The two also send gifts back and forth and share pillow talk and adoration, with lines from Coleman stating his desire to “plant a lover’s kiss on thy ruby lips and with words of burning love rekindle the fire of devotion.”
Adkins writes to Coleman that he “cannot conceive how much you are loved, and how often you are thought of.”
Despite the prevalent words of affection, the pair doesn’t always seem to get along. Sometimes jokes are mistaken for criticism, and each writes apologies for clarification. Sometimes, both seem to be a little melodramatic.
But maybe it’s because they go weeks or more than a month without receiving a letter from each other at times. Or maybe it’s how Adkins and Coleman both freely talk about the other men and women who come in and out of their lives. Either way, they do fuss, and fuss often, Ames said.
Coleman often writes how he doubts Adkins’ ability to stay loyal during their engagement with other suitors rumored to be in town, and Adkins is often reassuring her heart belongs only to him. She starts almost every letter with “My dearest friend” and he often closes with, “My darling woman.”
On Jan. 10 1863, Coleman wrote a letter of devotion and commitment about how his eyes wouldn’t stray toward any other woman and how his attraction toward her was still strong, even when he was preoccupied with war-related struggles. At the time, he hadn’t received a letter from Adkins in six weeks and feared it was because he wasn’t wooing her enough in previous statements that she might stray herself.
“If I ever thought our engagement would end otherwise than in the union of two devoted hearts, I would pray God to continue this war until my life was at end and that a day would never pass unless rivers should run red with human blood,” Coleman wrote.
She responded on Feb. 8, 1863 in more of a coarse tone, saying she wasn’t sure what to make of him and thought everything was running smoothly between the two.
“Why is it that you cannot trust me? Of course I will comply with every promise made to you, and I will expect you to do the same towards me. Have I not promised to be yours, and have I ever broken a single promise made to you?” Adkins wrote. “I know very well what your answer would be. But there are times when you think of me more than at others, and you become very anxious to see me, and your affections are deeper than ever.”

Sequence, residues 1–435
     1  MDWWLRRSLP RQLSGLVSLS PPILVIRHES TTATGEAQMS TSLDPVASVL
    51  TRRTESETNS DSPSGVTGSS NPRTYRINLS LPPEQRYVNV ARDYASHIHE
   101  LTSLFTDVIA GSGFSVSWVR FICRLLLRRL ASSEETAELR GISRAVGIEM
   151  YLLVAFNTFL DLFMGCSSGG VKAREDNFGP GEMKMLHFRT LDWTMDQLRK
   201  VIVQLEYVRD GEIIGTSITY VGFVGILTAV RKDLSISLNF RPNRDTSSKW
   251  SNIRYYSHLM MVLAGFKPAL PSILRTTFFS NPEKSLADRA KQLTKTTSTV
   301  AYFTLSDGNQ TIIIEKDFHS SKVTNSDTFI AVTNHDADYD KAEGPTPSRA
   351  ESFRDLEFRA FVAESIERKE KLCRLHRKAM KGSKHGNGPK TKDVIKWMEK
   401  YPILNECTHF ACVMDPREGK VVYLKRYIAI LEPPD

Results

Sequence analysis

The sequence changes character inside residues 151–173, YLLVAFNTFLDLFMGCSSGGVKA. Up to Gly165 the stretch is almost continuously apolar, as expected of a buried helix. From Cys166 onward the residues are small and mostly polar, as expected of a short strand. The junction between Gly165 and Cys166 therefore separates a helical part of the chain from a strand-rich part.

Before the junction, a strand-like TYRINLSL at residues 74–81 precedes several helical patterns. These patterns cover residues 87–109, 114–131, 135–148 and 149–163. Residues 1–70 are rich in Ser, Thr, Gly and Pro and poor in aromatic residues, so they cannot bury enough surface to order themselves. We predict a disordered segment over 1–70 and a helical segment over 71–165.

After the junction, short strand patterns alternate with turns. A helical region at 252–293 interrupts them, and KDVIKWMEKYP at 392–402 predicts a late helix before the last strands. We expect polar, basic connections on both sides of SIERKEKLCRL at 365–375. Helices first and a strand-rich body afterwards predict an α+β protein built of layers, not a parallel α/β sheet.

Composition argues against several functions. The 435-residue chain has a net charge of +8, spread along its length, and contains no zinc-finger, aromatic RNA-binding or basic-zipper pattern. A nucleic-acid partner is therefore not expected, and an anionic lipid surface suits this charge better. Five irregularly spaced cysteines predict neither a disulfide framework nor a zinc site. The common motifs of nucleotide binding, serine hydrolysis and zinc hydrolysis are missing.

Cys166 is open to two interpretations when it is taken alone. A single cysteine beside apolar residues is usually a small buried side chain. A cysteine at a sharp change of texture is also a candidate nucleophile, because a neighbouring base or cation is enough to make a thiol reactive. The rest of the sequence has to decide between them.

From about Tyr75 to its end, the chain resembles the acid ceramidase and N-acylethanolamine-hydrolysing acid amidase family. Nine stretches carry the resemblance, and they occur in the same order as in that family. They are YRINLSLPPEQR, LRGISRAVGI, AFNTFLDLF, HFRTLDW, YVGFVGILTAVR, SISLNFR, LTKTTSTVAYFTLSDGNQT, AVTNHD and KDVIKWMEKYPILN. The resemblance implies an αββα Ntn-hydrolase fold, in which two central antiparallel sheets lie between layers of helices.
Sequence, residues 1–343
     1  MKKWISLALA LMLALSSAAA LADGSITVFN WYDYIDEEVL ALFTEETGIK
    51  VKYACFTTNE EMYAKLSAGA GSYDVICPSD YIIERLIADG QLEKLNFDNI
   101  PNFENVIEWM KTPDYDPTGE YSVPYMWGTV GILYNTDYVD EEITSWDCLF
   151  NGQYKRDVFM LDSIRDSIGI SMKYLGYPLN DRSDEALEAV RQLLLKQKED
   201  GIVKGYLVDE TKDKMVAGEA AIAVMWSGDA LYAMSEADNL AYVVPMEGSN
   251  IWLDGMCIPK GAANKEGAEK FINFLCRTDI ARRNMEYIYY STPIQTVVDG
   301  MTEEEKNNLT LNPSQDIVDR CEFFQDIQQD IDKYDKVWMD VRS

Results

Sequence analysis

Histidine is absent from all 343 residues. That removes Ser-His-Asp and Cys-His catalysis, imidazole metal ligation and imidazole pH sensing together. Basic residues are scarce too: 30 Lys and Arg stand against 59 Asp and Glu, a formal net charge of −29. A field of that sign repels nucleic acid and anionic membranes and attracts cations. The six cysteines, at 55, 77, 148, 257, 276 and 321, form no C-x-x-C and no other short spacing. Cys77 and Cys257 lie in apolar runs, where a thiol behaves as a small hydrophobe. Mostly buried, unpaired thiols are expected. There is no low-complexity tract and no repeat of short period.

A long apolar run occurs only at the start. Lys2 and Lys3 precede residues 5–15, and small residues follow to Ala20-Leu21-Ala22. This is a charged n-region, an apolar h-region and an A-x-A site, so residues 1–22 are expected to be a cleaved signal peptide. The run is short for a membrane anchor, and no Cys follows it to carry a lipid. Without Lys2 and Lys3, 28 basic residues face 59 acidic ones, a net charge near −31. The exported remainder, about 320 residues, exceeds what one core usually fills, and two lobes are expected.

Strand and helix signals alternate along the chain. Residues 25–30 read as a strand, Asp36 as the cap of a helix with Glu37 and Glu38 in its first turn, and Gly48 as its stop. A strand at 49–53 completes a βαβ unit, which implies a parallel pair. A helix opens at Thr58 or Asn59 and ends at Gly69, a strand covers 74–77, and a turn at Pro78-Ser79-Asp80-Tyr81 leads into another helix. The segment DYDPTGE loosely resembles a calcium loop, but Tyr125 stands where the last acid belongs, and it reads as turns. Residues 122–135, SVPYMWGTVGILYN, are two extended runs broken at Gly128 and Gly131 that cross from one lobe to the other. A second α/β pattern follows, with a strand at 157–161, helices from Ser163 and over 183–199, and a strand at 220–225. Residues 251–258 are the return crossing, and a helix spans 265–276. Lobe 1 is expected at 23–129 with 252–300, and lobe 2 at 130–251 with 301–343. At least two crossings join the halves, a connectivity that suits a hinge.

Question of devotion
The question of devotion is a reoccurring theme, Ames said. And why wouldn’t it be? She’s home dancing with other soldiers while he’s being shot at, Ames said. She’s fighting off rumors by playing coy, not necessarily acknowledging the truth of their engagement and not necessarily denying it to others either, the letters show.
“That letter (from Adkins) was basically implying, ‘When you’re busy with the war, you don’t think about me a lot. It’s when you’ve got the down time, now you worry about me and you’ve got time to write this letter,’ ” Ames said. “I try to put myself in that mindset. I’m a young man and he started a successful business in Marshall, made some money before the war.
“He didn’t own slaves but was very pro-secession. He wanted out, so when the war started, he enlisted very quickly. He’s a guy who had some success and had been secretly engaged to Jennie before he left. Her dad was a judge, a hotel owner and apparently had some pull, and didn’t know they were engaged when he left.”
Not until Aug. 9, 1863, half way through the war, does Coleman finally works up the courage to ask Adkins’ father for her hand in marriage. The letter, from Pelahatchie Depot in Mississippi, states how much Coleman wishes he had asked in person, but wasn’t sure he would be able to visit Marshall anytime soon. He acknowledges the engagement had been ongoing for some time and asks Adkins’ father to “consent to our marriage at some future day.”
One of Ames’ greatest regrets is the fact that the collection doesn’t include a response from Adkins’ father to the proposal, he said.
“Jennie’s replies after that indicate he’s mad. He’s not happy about this because he’s heard some scandalous rumors about John, which are never fully addressed,” Ames said. “John writes back and says, ‘Don’t listen to these people who are nay-saying me to your dad. I’m a good guy, you know this and we’re going to get married when this is all over.’ He ends up being right.”
The couple was married in August 1865 and had six children soon after. Coleman’s mercantile business took off, and by 1870, the family employed a house servant, and his net worth was about $2,000.
Coleman died in 1880 at 45 years old, and his wife goes on to live with a Confederate Widows Pension from Texas until 1932, when she passed away at 87. They were buried together in a single plot in Marshall, Ames said.
“My favorite part is they both do get the happy ending. I was afraid as I went through these, I’d find she dies or he dies, she married ahead of him or something happens,” Ames said. “It’s the fact they both lived through this incredibly intense four years, with him out in the field, facing death every day and her back home, trying to keep her family provided for. And in the end, he served honorably through the whole war, he gets cashiered out and is able to go home and they’re able to get married, to be together and live a life where they have six children in a pretty short time span. They both got the happy ending, and that was a little bit of a surprise.”